Electronic – Full-wave bridge rectifier with capacitor filter and ripple voltage

filterrectifierripple

According to various sources, the ripple voltage of a full-wave bridge rectifier is

$$ V_r = \frac{V_s}{2}fCR $$

where \$V_s\$ is the peak of the input voltage source, \$f\$ is the frequency, \$C\$ is the capacitor and \$R\$ the resistor.

I have simulated this circuit on PSPICE, circuitlab, and built it in real life:
https://www.circuitlab.com/circuit/423m43/fullwave-rectifier/

\$R\$ is \$4.7K\$ and \$C\$ is \$10 uF\$. Voltage source is sine wave with \$0 V\$ offset, \$5V\$ amplitude and \$40 Hz\$ frequency.

All 3 experiments give me a ripple voltage of approximately \$0.65V\$, but the formula gives me \$1.330 V\$ (twice as much).

What am I missing?

Best Answer

The ripple formula you have is an approximation and just to demonstrate that here's another: -

enter image description here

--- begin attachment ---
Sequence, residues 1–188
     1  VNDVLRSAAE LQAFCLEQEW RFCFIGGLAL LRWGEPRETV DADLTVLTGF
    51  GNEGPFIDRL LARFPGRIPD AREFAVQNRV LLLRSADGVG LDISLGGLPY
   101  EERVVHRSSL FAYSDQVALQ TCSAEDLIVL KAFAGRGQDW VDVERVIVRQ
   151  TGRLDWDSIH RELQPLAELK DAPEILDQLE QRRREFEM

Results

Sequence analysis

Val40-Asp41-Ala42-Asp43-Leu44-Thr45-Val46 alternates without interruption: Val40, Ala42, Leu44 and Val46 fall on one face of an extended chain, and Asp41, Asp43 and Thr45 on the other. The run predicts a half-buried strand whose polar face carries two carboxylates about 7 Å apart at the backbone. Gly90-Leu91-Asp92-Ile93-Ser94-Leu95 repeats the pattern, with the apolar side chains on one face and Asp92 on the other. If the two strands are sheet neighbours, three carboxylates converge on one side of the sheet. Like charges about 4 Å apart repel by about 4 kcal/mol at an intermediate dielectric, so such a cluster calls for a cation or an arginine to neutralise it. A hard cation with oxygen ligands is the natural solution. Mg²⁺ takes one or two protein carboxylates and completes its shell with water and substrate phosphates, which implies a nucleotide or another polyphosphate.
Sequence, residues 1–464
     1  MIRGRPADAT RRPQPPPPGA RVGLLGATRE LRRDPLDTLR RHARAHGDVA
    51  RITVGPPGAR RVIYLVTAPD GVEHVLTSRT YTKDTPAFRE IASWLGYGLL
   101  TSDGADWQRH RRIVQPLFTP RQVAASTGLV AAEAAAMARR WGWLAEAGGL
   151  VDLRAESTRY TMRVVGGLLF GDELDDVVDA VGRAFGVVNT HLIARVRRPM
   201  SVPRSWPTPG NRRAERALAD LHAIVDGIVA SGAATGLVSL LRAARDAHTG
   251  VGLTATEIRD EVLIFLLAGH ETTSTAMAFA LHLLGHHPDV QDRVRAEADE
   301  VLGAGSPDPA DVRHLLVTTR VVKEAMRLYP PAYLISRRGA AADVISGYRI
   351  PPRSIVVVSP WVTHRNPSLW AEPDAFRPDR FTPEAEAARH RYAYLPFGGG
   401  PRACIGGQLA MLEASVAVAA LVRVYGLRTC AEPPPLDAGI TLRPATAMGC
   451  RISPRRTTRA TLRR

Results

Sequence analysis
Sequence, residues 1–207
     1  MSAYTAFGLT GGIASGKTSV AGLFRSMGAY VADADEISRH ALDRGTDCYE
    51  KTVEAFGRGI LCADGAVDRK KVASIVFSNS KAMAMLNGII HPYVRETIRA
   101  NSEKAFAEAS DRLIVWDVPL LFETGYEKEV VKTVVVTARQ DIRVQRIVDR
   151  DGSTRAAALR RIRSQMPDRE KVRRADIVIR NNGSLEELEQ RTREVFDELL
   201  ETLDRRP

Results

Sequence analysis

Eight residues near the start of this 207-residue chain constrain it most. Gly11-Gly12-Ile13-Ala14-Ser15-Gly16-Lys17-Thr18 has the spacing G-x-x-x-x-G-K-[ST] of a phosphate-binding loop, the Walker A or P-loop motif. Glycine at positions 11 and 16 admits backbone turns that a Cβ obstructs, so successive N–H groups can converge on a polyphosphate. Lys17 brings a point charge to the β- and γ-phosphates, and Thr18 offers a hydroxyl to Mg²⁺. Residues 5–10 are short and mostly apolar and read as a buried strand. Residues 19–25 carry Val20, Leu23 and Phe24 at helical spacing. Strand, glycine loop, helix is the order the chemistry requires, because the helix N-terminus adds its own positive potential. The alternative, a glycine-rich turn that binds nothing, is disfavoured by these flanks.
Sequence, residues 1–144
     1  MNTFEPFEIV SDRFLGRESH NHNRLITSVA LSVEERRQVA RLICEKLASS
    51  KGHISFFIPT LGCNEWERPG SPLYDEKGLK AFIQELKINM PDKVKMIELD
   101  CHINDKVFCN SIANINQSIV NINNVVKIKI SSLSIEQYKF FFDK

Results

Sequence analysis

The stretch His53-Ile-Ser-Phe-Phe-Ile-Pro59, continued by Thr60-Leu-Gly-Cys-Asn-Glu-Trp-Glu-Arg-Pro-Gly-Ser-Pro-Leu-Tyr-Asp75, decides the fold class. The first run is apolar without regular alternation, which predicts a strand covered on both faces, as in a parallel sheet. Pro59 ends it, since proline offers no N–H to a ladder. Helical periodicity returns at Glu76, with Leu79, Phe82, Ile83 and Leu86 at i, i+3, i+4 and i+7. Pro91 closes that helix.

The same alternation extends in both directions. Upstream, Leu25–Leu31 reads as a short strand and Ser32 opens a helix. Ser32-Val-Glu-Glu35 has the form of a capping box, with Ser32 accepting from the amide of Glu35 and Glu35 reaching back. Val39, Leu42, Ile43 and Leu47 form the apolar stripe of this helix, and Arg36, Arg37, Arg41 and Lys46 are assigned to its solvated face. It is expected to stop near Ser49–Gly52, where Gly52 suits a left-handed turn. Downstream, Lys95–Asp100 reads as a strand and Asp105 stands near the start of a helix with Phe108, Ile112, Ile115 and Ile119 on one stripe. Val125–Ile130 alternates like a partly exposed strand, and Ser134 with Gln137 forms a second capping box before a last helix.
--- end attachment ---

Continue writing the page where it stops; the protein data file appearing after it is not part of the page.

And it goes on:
The formula used here is not too disimilar from yours but it more accurately shows the time and not the frequency as being the important factor. However, the article makes an error in stating the 10msecs should be used at 50Hz. When the diode stops conducting at the top of the cycle and when it restarts is slightly less than 10msecs.

But, in the article's credit, look at the final paragraph - small print indicating where problems with the formula might lie and of course the OP's example falls into this area where all bets are off.

In truth the decay of the voltage is exponential from the top of the peak and not-linear and this will make a difference too.